Geneva: Political activists of Sindh and Balochistan on Tuesday called it ironic on part of Pakistan to peddle its false narrative on the Kashmir issue at the UNHRC session in Geneva when minorities in the country have been facing worsening human rights situation.
"It is really shameful that a representative of 'Pakistan' has come to Geneva to talk about human rights. These are people who have literally curbed every voice that did not align with them, they have abducted every person who wanted to raise his voice and created a hell for the religious minorities," Lakhu Ludana, the General Secretary of World Sindhi Congress (WCS), told ANI.
The activists called on Qureshi to rather address the issues of enforced disappearances and killings of minorities in Sindh, Balochistan, and other parts of Pakistan by the state agencies than internationalising the "internal matters" of the neighbouring country.
"Qureshi should talk about the atrocities happening in Balochistan, Sindh and other areas than about Kashmir, which is none of his business," said Hidayat Bhutto, the United Kingdom and Europe organiser of WCS.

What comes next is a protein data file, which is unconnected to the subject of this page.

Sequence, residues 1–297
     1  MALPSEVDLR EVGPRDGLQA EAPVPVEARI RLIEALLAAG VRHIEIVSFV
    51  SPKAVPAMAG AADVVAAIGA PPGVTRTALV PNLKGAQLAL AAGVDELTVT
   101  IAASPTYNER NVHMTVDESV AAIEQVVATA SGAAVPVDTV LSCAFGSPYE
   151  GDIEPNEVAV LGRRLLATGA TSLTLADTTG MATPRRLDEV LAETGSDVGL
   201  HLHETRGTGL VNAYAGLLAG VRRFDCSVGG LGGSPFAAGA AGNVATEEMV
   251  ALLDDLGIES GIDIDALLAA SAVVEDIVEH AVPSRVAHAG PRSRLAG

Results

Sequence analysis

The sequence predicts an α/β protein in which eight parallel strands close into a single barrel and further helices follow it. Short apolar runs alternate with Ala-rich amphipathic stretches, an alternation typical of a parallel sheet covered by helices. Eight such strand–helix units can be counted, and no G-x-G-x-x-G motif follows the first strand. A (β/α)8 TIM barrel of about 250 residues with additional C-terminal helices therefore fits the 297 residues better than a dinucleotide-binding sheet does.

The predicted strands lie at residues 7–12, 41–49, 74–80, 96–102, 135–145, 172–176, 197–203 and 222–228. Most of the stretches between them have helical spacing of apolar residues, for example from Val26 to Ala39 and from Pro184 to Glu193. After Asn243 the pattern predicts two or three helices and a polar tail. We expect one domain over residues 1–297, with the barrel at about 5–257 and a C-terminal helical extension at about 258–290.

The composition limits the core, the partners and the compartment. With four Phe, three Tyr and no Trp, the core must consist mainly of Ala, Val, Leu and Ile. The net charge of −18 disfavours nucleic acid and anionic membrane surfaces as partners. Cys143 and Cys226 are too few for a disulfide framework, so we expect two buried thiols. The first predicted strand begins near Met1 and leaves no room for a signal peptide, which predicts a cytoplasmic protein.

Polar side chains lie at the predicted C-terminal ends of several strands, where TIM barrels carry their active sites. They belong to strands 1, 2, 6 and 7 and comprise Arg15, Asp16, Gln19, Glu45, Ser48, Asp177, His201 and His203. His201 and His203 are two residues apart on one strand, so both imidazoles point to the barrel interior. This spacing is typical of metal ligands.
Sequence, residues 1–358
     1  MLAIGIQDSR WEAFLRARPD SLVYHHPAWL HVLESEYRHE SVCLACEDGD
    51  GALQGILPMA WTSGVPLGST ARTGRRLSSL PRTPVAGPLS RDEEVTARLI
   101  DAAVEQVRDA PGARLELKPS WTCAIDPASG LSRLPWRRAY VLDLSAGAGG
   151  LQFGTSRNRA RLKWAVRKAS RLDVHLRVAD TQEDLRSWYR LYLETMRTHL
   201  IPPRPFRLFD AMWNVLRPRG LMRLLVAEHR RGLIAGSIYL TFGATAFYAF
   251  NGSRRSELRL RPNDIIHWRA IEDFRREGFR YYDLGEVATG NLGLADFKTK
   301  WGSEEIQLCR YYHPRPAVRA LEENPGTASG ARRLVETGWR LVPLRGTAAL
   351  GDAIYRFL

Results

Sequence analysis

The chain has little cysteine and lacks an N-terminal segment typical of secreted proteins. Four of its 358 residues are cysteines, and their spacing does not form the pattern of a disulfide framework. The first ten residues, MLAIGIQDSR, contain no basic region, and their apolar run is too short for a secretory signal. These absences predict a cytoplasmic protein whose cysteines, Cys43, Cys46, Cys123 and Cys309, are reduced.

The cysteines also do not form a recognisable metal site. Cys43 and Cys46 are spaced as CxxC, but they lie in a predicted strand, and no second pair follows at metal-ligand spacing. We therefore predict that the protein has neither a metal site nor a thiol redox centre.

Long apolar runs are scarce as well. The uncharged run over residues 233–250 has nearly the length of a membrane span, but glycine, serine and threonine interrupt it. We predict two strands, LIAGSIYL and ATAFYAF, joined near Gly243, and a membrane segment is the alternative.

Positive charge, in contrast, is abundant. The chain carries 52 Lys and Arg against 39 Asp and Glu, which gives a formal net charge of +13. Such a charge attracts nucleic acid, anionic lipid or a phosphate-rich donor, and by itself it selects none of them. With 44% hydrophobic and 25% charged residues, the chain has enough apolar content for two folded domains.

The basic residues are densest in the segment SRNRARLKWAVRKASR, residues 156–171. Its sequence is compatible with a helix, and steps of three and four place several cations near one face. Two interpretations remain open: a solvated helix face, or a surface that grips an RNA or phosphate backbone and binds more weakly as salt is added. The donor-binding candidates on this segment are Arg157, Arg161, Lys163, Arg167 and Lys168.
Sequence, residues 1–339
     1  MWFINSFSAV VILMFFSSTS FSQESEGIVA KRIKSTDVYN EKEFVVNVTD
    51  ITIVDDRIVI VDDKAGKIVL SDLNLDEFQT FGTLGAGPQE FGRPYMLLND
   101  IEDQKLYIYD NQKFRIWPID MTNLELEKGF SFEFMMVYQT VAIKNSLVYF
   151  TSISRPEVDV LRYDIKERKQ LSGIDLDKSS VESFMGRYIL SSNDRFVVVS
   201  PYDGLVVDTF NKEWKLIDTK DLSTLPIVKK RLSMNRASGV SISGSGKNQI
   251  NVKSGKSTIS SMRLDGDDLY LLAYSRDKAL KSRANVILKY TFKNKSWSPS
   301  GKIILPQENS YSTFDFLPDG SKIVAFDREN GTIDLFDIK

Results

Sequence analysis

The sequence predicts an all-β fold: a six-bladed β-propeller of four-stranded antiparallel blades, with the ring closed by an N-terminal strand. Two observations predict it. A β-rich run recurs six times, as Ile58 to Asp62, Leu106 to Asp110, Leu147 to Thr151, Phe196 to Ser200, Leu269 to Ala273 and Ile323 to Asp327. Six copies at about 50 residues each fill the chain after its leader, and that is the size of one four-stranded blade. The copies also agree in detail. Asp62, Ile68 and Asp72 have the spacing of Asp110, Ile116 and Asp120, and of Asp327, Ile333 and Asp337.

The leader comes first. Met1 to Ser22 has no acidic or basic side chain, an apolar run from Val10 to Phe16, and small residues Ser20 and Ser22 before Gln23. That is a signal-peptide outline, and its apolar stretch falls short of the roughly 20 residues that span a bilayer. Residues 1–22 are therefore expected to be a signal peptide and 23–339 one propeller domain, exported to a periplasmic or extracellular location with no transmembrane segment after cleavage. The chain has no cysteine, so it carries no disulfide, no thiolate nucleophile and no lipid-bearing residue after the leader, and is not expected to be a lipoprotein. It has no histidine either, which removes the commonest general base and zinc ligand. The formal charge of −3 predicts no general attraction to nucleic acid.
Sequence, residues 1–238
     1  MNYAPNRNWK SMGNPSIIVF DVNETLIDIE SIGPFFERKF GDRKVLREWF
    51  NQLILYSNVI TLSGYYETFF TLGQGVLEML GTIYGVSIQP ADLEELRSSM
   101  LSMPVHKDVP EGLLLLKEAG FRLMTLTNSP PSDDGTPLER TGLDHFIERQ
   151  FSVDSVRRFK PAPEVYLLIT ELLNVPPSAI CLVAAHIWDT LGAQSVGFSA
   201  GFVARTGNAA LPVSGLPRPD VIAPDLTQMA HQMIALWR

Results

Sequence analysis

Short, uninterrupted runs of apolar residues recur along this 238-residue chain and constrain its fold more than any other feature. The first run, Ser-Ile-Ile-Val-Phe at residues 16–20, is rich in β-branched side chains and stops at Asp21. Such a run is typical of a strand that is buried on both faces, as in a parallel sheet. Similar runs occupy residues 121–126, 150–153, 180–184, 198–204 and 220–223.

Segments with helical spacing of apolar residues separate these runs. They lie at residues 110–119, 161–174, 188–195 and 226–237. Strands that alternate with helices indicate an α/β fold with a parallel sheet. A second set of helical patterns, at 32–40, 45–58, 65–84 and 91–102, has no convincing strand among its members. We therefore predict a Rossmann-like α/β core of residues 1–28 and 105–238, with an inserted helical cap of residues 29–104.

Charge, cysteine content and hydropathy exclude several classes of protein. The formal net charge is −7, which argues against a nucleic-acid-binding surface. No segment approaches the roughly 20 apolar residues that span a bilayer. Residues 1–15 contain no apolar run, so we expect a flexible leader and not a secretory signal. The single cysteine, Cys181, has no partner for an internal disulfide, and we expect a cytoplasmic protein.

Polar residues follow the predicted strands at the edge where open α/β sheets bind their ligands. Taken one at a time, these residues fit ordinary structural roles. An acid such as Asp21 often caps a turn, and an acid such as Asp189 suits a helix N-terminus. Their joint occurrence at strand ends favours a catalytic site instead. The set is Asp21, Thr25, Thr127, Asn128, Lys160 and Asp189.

For long, Pakistan's establishment has been criticised over its practice of enforced disappearances and extrajudicial killings by international bodies and local human rights organisations that dare to speak out on the issue.
According to the Commission of Inquiry on Enforced Disappearances, an entity established by the Pakistani government, about 5,000 cases of enforced disappearances have been registered since 2014. Most of them are still unresolved.
Independent local and international human rights organisations put the numbers much higher. Around 20,000 have reportedly been abducted only from Balochistan, out of which more than 2,500 have turned up dead as bullet-riddled dead bodies, bearing signs of extreme torture.
Before being elected as Prime Minister, Imran Khan had admitted in multiple interviews about the involvement of Pakistan's intelligence agencies in enforced disappearances and extrajudicial killings and vowed to resign if he was unable to put an end to the practice, holding those involved responsible.